As BBC News reported on 6 April 2023, the Taliban has banned not just NGOs from employing women, but also the UN, a move condemned in the strongest terms by the international organization.
World Watch Research analyst Thomas Muller explains: “If such a ban is implemented strictly, it will be impossible to reach many of the most vulnerable in Afghanistan, especially widows, women and children. The UN Humanitarian overview from January 2023 states that two thirds of the population (or 28.3 million people) require urgent humanitarian assistance, which illustrates the size of the challenge, especially as ‘donors’ fatigue’ is causing shortfalls in the level of funds required. This has led some observers to challenge the international community, especially the Western donor countries, into rethinking its policy of not engaging diplomatically with the Taliban (The Interpreter, 13 April 2023), especially since signs of any organized resistance against the Taliban – whether inside or outside the country – appear non-existent (Jamestown Foundation, 31 March 2023). As a result, the Afghan people, including the small religious minorities, are having to go it alone in the fight for basic survival.”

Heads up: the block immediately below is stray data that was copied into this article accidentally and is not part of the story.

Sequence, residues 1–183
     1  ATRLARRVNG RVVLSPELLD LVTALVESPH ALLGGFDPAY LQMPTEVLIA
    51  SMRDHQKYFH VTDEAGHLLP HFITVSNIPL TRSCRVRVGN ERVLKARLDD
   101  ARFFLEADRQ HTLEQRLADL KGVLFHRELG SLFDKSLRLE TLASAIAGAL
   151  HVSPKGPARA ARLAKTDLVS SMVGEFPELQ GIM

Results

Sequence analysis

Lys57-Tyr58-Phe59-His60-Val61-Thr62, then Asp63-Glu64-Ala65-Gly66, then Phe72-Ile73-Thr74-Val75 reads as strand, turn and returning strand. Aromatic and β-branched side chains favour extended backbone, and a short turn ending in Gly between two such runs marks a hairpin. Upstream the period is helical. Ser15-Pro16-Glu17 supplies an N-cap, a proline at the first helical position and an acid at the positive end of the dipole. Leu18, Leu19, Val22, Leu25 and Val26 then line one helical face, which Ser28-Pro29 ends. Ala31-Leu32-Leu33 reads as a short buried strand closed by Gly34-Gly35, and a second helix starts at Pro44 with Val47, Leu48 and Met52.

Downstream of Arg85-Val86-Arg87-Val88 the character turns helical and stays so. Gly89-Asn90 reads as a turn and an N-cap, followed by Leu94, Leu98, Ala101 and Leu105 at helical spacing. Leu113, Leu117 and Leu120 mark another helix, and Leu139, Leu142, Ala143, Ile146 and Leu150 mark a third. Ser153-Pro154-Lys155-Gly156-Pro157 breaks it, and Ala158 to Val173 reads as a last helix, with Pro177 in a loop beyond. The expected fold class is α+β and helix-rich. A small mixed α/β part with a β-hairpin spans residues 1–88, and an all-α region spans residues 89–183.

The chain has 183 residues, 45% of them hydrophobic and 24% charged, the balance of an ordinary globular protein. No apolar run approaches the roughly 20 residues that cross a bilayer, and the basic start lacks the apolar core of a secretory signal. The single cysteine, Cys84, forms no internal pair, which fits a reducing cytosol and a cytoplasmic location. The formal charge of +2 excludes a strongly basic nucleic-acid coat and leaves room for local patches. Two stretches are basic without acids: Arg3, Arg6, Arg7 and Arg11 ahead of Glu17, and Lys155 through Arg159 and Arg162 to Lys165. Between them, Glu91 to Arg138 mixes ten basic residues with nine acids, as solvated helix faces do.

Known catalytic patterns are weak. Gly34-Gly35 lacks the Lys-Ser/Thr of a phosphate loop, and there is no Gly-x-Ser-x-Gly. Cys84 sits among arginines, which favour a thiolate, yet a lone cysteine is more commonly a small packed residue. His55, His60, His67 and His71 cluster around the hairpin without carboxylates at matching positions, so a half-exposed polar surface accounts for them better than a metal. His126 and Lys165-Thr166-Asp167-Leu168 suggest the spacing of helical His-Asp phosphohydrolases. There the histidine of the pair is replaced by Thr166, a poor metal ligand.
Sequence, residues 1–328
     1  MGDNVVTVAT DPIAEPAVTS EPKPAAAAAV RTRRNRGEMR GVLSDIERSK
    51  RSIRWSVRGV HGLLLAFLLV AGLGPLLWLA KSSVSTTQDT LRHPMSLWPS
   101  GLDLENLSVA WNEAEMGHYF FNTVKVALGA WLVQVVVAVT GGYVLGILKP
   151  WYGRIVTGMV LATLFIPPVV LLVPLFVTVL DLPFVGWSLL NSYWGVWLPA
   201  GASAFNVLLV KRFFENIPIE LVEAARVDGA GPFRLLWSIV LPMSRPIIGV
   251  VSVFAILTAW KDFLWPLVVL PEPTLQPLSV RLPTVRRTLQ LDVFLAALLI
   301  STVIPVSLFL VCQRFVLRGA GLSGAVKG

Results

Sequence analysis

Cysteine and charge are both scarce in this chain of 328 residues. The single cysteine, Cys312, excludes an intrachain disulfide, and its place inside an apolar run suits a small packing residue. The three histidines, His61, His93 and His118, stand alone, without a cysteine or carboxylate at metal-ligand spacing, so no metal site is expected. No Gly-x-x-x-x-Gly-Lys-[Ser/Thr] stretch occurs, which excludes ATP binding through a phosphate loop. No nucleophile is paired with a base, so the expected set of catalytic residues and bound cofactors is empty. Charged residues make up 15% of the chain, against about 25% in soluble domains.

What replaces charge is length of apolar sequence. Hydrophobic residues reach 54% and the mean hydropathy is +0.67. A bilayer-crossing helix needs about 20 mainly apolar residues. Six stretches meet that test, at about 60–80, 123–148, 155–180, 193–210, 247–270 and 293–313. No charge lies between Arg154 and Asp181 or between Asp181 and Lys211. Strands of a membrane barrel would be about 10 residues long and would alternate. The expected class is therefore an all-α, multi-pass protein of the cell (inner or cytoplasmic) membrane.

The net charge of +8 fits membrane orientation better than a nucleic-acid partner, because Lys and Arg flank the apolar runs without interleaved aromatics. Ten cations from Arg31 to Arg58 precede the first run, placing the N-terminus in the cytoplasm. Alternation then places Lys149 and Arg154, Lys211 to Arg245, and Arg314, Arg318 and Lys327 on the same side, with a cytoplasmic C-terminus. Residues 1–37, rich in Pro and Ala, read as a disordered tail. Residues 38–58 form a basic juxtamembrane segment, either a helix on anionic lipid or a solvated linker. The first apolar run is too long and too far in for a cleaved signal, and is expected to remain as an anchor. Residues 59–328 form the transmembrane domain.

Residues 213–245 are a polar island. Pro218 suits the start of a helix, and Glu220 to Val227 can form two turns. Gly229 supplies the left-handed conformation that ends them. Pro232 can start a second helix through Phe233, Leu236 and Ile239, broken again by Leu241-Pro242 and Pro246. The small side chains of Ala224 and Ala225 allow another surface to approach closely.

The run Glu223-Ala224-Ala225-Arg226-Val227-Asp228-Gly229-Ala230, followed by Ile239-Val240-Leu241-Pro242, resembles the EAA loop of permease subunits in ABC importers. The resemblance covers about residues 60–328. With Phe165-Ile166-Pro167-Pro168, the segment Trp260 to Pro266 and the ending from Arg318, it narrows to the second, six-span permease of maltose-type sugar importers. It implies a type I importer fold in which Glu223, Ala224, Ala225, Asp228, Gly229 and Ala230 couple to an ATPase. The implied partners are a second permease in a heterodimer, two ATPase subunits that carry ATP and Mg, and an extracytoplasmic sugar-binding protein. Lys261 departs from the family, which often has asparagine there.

In conclusion, Thomas Muller states: “At the time of publishing, it was still too early to know what the outcome of the UN’s Doha meeting on 1 and 2 May 2023 was. However, as AAN reported on 30 April 2023, the UN does not seem to speak with one voice, reflecting the insecurity and different approaches in how to deal with a seemingly unshaken Taliban.”